An English translation of the blog Ciudadano Cero from Cuba. "Citizen Zero" features the testimony of two Cuban doctors disqualified for an indefinite period for the practice of medicine in Cuba for having channeled to the Ministry of Public Health the opinions of 300 public health professionals about their salaries. Dr. Jeovany Jimenez Vega, who administers this blog, authorizes and appreciates the dissemination by any means possible, of every one of his opinions or articles published here.

Archive for February, 2012

Of Bread and Other Demons

I look at the crust, I touch it, I smell it… I doubt … but I don’t have the temerity to eat it. I think about the mother of the baker and imagine her selling in a private restaurant on the corner the butter that is “left over” at the end of the shift; and of the restaurant buying it “under the table” from the bakery warehouse; and of the one at the warehouse with the little piece of land he “struggled” to buy at the point of a clandestine rifle of rum; and at the place where he rents the almendron — the old American car in use as a taxi or delivery can in this case — to carry the merchandise; and of the almendron guy who “resolves” 80 liters of gas “…because those sons of bitches who control the oil...” and then seeing him shout, “20 pesos to Havana!” at the P4 bus stop… the coincidences of this life.

Just for gas. I then I see him “palm” 50 to the cop to look the other way and not levy a fine and he takes off with “…life is very hard!” The same cop who is drinking in the clandestine  refreshment stand where he buys the cylinders of gas for the truck that needs 3000 “straws” a day “… to get by…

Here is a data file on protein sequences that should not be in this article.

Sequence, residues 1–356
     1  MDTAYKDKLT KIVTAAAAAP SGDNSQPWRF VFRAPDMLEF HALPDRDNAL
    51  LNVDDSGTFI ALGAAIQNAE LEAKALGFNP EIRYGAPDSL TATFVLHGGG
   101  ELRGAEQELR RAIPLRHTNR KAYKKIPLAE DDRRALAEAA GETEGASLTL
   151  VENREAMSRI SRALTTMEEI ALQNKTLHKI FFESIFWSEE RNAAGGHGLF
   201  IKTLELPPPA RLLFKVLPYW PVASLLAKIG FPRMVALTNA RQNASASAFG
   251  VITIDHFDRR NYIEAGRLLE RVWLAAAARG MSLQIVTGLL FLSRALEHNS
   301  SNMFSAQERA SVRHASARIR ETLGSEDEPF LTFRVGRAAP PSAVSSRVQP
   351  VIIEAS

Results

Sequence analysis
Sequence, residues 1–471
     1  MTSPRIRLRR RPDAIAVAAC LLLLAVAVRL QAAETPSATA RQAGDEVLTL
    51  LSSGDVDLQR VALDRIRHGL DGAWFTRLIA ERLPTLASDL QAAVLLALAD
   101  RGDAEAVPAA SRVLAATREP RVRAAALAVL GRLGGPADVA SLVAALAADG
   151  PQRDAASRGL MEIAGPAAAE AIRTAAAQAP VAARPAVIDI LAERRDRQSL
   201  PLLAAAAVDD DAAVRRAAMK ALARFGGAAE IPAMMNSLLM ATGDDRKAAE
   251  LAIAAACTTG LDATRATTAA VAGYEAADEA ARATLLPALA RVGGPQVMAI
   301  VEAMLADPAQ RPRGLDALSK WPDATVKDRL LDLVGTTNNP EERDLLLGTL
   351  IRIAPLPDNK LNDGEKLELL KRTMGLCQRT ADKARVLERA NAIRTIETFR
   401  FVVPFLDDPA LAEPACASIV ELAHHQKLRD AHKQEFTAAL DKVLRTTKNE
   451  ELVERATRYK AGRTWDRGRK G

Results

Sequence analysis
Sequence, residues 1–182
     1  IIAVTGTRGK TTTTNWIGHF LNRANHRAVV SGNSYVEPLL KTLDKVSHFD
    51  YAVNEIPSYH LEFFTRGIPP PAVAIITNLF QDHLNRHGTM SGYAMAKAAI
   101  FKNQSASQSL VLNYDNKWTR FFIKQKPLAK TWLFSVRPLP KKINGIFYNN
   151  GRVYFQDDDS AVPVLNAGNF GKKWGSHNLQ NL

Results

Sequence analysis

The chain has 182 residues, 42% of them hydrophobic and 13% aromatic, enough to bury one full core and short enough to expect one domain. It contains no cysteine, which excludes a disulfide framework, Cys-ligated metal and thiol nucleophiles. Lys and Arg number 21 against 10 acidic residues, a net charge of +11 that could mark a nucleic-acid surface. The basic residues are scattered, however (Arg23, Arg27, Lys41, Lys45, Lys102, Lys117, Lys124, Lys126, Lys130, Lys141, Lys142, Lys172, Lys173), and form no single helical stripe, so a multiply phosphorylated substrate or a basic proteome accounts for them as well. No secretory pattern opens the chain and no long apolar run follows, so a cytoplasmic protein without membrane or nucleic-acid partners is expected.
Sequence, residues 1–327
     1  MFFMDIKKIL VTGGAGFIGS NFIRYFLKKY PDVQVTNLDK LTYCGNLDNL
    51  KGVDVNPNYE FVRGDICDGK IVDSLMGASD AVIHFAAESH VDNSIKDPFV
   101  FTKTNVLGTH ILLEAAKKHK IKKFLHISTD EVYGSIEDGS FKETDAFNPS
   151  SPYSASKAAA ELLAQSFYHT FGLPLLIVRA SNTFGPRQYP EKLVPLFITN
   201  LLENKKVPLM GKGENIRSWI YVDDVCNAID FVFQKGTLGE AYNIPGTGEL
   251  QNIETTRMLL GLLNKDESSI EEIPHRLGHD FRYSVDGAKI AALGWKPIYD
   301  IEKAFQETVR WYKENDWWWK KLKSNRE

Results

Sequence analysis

And later I see EcoBio fuel truck “resolving” the inspector “because life has its twists and turns…“; and then the inspector’s wife buys meat “under the table,” first rate and “soft” to resell it to the manager of a ghost company in Miramar; I see the butcher who also takes a pinch and “greases” the Sector Chief so he can breath a little and not be asked for a cut on the Malecon; and the guy who controls the route “resolves” it all with the guy who sells at a kiosk in the “shopping” — the hard currency store — a dummy who pays cash for all the merchandise under the table to the distributor, who adulterates the prices and puts the “multichannel” to the holy trinity “to buy some good jeans and bitches shoes…” who wants to strut about like a high class hooker with a Yuma — an American — because “the first death is the easiest…” like she tells her old lady, and she can’t go around dressed like her teacher… “who looks so poor it hurts my eyes.

Her teacher who doesn’t drive an almendron, nor have a restaurant, nor a soft drink stand, who doesn’t “struggle” in a kiosk of her own and isn’t married to a truck driver, nor to a manager, but simply to a humble doctor, and together they are black with grey stitching on the last link of the food chain, helpless in the midst of the maelstrom of dexterous and sinister scams right and left, of the twists and turns of boredom, bribes, trades, disgust, vertigo, blackmail, barter, disappointment, purulence, nausea, corruption … well … I do not know… but why the fuck did I hesitate and end up in all this filth. Look! You! I have to think of every piece of shit before this foul slice of … what?… bread?!

January 13 2012


The Steps of the Virgin